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What does Brexit mean for Irish trade?

Thursday, November 23, 2017 - 02:15

The border communities in the Irish Republic and Northern Ireland currently enjoying frictionless trade and free movement of goods and people. But, as Katie Gregory reports, that could change if any sort of border is reinstated after Brexit.

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This is the only land border between the UK and the EU. An almost 500 kilometre line running across Ireland. Separating Northern Ireland and the Republic of Ireland. It's now peaceful and idyllic... But Communities along the border endured decades of militarisation during 'The Troubles' And the fear among residents is a hard border could be about to return. (SOUNDBITE) (English) CATHAL SHORT, MEMBER, BORDER COMMUNITIES AGAINST BREXIT, SAYING; "The whole idea of the EU is to break down borders and now we're back into a situation where there's going to be a border along the island of Ireland. It's madness." McNamees Bakery have had a factory and shop in Crossmaglen since 1939 - and also have two shops just across the border in the Republic of Ireland. They send their goods and earnings back and forth, they export around the world, they also employee staff from the EU- many of whom live in the south and come to work in the North. (SOUNDBITE) (English) MICHAEL WADDELL, OWNER, McNAMEES BAKERY, SAYING; "If they put anything that looks like a hard border it's going to add complications, it's going to add cost. And that cost is going to have to be passed on to somebody." IntertradeIreland works with government on both sides of the border to help businesses like McNamees bakery to prepare for Brexit and the potential revert to World Trade Tariffs and a hard border. They estimate THAT worst case scenario could lead to a reduction in cross border trade by 8 percent. (SOUNDBITE) (English) AIDAN GOUGH, STRATEGY & POLICY DIRECTOR, InterTradeIreland, SAYING; "Currently there are about 177 thousand lorries - 205 thousand vans, 1 million people crossing the border every month on this island. They are carrying trade that's now valued at about 6 billion euros per annum ." Even global companies like Guinness ship their beer from Dublin to be canned and bottled in Belfast and back again. (SOUNDBITE) (English) SIMON McKEEVER, CHIEF EXECUTIVE, IRISH EXPORTERS ASSOCIATION, SAYING; "Everything is a threat for us, it's not just our direct trade with the UK, it's not just the border in Northern Ireland, it's the routing of our trade. A lot of our trade goes through what we call the land bridge in the UK. " For the residents and businesses of Crossmaglen and other border communities - all they can do is wait for a final deal. And hope the troubles of the past don't come back to haunt them.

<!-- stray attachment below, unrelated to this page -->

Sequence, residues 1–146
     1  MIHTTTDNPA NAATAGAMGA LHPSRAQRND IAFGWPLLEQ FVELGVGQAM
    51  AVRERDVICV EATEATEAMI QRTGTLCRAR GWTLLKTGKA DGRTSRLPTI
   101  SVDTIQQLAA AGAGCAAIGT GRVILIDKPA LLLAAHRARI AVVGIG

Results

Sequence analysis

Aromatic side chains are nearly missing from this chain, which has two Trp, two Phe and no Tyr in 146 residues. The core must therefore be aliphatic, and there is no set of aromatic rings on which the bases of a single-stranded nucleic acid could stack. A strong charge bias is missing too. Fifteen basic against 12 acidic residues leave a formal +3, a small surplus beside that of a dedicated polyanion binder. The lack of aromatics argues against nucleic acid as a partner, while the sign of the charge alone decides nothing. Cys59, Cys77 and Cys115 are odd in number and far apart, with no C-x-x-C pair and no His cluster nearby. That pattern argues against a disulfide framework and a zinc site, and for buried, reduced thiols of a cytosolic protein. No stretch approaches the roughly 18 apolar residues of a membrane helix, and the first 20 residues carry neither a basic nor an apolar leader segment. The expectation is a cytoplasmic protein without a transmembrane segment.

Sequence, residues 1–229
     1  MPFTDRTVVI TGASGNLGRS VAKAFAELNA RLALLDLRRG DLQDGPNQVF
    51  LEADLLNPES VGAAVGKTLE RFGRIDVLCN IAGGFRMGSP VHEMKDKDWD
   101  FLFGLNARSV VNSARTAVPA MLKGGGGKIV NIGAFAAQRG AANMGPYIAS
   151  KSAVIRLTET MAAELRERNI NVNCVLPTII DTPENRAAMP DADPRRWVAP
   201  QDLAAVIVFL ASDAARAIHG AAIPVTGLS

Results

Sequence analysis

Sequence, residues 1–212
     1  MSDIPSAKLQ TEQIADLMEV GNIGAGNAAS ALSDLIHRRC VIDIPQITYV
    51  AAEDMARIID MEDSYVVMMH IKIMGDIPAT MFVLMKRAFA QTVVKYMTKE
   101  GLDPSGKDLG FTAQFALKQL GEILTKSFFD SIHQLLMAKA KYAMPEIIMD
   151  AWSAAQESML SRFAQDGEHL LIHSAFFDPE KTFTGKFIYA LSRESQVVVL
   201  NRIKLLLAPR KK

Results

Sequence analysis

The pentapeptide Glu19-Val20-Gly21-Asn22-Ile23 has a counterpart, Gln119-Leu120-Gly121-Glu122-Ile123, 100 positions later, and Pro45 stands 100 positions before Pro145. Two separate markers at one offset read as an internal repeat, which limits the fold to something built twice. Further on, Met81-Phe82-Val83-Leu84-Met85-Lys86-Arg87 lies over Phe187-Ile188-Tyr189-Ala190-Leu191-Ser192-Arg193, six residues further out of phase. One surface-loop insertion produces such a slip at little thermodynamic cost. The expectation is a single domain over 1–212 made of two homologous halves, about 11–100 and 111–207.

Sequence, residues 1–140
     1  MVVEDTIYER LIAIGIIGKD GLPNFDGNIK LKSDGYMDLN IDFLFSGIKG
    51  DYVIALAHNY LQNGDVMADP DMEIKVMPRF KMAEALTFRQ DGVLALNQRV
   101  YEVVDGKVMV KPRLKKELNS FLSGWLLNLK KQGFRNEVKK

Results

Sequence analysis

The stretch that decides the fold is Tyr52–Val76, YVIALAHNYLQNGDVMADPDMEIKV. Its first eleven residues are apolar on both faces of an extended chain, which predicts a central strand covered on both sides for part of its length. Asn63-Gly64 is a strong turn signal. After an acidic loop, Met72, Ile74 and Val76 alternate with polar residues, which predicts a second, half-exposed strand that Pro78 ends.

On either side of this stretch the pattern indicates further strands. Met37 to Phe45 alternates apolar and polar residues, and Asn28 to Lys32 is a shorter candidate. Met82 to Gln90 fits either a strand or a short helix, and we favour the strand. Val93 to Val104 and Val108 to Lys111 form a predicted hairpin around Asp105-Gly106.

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What does Brexit mean for Irish trade?

Thursday, November 23, 2017 - 02:15